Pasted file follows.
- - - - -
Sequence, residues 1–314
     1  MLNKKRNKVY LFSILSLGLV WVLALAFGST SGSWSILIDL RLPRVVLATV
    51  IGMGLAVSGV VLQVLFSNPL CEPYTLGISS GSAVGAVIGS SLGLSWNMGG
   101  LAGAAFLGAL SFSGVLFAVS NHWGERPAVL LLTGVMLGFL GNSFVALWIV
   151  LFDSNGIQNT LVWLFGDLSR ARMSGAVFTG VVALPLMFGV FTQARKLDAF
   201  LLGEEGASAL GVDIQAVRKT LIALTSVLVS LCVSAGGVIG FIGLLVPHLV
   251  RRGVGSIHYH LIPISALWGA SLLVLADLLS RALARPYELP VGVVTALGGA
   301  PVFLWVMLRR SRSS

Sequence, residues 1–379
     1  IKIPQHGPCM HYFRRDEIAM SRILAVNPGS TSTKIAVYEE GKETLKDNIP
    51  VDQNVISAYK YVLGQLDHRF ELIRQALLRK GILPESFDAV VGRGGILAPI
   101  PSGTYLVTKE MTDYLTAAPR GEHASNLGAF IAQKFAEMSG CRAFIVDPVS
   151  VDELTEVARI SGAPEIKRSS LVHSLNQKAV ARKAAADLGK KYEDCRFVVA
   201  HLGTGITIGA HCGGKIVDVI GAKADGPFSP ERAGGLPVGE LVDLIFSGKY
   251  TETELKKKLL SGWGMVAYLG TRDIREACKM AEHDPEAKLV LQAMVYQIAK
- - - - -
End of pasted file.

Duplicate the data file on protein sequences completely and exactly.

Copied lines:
Sequence, residues 1–314
     1  MLNKKRNKVY LFSILSLGLV WVLALAFGST SGSWSILIDL RLPRVVLATV
    51  IGMGLAVSGV VLQVLFSNPL CEPYTLGISS GSAVGAVIGS SLGLSWNMGG
   101  LAGAAFLGAL SFSGVLFAVS NHWGERPAVL LLTGVMLGFL GNSFVALWIV
   151  LFDSNGIQNT LVWLFGDLSR ARMSGAVFTG VVALPLMFGV FTQARKLDAF
   201  LLGEEGASAL GVDIQAVRKT LIALTSVLVS LCVSAGGVIG FIGLLVPHLV
   251  RRGVGSIHYH LIPISALWGA SLLVLADLLS RALARPYELP VGVVTALGGA
   301  PVFLWVMLRR SRSS

Sequence, residues 1–379
     1  IKIPQHGPCM HYFRRDEIAM SRILAVNPGS TSTKIAVYEE GKETLKDNIP
    51  VDQNVISAYK YVLGQLDHRF ELIRQALLRK GILPESFDAV VGRGGILAPI
   101  PSGTYLVTKE MTDYLTAAPR GEHASNLGAF IAQKFAEMSG CRAFIVDPVS
   151  VDELTEVARI SGAPEIKRSS LVHSLNQKAV ARKAAADLGK KYEDCRFVVA
   201  HLGTGITIGA HCGGKIVDVI GAKADGPFSP ERAGGLPVGE LVDLIFSGKY
   251  TETELKKKLL SGWGMVAYLG TRDIREACKM AEHDPEAKLV LQAMVYQIAK